When I lived in Switzerland I worked in a neuroscience lab for a while looking at brain scans of depressed people. I noticed that what we did in the lab and what the public thought we did were two entirely different things. I was doing my doctorate in clinical psychology and was well aware that there’s always going to be a gap in what the public understands about science but this particular misunderstanding disturbed me because of its implications.Read More
Jeremy's Silent Fight *
Jeremy was a twenty-year-old man who came to my practice in Zurich at the insistence of his parents and doctors. He had stopped speaking, wouldn’t go to his university classes, and had withdrawn into his apartment. When his parents visited him he sat completely still in the corner, wouldn’t talk to them, and didn’t even make eye contact. They forced him to see a psychiatrist who diagnosed him with Selective Mutism Disorder which is a type of social anxiety that makes one clam up in certain situations. The diagnosis didn’t make any sense to his parents since Jeremy had always been outgoing, so they sent him to another shrink.
Is Dr. Zwig Crazy?
I have a very strange relationship with the field of psychology: I’ve dedicated my life to studying it despite the fact that I consider most of it to be bad science. You may wonder why anyone in their right mind would spend so many years doing something he doesn’t believe in. Well, the old saying goes, “Only crazy people go into psychology.” And that may be true, but there’s a more interesting reason I do it: After decades of research into the human condition I’ve arrived at the conclusion that psychology—the study of the human mind—is the royal road to understanding not only ourselves and the world, but all of life. Why? Because the mind is the foundation of everything. It generates all that we know and experience—from the simplest sensation to the grandest scientific discovery to the most sublime spiritual experience.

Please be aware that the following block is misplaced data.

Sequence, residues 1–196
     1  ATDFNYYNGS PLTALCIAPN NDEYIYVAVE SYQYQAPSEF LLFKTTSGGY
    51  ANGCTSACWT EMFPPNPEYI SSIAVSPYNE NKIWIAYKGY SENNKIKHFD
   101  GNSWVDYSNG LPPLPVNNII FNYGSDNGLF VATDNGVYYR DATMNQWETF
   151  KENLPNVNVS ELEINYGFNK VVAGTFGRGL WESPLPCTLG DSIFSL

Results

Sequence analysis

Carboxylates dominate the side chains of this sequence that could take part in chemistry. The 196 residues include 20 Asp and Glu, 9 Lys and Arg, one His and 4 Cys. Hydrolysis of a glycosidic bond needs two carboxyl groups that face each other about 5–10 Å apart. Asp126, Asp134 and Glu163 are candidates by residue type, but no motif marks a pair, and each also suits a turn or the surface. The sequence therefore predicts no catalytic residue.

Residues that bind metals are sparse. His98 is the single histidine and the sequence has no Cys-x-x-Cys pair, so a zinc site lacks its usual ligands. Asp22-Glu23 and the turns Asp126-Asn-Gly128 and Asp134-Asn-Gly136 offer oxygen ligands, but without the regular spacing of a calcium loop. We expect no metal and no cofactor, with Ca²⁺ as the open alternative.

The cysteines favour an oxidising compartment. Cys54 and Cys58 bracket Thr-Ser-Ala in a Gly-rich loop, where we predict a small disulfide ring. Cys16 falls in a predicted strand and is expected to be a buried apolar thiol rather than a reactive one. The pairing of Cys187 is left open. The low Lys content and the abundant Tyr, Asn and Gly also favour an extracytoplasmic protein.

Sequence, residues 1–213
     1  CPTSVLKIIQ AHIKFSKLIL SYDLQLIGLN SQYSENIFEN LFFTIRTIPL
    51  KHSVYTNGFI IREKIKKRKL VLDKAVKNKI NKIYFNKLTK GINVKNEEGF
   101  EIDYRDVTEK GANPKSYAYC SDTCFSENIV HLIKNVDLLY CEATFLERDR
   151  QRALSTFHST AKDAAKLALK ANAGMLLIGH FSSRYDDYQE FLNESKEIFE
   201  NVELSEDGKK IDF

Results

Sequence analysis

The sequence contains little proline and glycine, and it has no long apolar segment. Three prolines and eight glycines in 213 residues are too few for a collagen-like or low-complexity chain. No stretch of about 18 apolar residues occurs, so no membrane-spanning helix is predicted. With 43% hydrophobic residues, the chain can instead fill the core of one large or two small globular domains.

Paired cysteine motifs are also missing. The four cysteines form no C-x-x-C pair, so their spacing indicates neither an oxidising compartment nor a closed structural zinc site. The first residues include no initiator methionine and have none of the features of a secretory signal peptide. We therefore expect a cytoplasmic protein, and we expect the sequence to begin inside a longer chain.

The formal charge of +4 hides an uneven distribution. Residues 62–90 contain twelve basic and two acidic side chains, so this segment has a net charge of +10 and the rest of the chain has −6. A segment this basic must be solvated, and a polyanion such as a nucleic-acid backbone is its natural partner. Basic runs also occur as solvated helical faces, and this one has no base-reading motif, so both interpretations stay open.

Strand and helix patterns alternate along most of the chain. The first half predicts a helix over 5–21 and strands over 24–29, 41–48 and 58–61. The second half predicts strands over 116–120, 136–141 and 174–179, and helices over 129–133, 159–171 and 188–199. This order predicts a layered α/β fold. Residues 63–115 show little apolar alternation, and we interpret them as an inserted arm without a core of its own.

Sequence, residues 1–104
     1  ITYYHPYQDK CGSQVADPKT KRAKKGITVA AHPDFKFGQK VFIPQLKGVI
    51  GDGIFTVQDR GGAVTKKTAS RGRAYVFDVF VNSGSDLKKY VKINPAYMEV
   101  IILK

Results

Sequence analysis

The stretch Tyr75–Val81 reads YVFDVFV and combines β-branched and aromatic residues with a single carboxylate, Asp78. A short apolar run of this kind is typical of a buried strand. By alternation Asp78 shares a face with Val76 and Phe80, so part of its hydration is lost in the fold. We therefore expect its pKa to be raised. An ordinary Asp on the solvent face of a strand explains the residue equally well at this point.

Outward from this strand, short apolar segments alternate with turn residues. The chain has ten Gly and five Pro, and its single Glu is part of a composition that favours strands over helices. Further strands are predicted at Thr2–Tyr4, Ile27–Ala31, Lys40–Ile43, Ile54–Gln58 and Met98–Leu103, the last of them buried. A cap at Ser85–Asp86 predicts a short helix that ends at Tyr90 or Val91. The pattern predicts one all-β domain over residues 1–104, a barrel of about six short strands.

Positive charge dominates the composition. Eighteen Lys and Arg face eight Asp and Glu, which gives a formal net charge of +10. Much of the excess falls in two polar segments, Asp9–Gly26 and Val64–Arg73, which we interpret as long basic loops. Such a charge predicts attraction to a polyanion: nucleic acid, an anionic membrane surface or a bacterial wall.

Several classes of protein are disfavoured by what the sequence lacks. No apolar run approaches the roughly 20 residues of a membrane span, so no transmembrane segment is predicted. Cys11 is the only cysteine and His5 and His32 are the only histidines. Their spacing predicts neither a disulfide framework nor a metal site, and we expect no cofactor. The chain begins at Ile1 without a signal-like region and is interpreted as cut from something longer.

Bob’s Mysterious Depression *
A client of mine, Bob, a thirty-nine year-old waiter, complained of chronic depressed moods despite the fact that nothing particularly depressing had occurred in his life. He couldn’t figure out why he always felt down since everything seemed to be in order—he had a good marriage, a decent job, and great friends. He claimed he was depressed “for no reason” and told me he had a chemical imbalance in his brain. In a rare moment of rudeness, I laughed, and said “In the words of the great Tom Petty, ‘You believe what you wanna believe’. Let’s find out what’s going on. What’s it like to have depressed moods all the time?”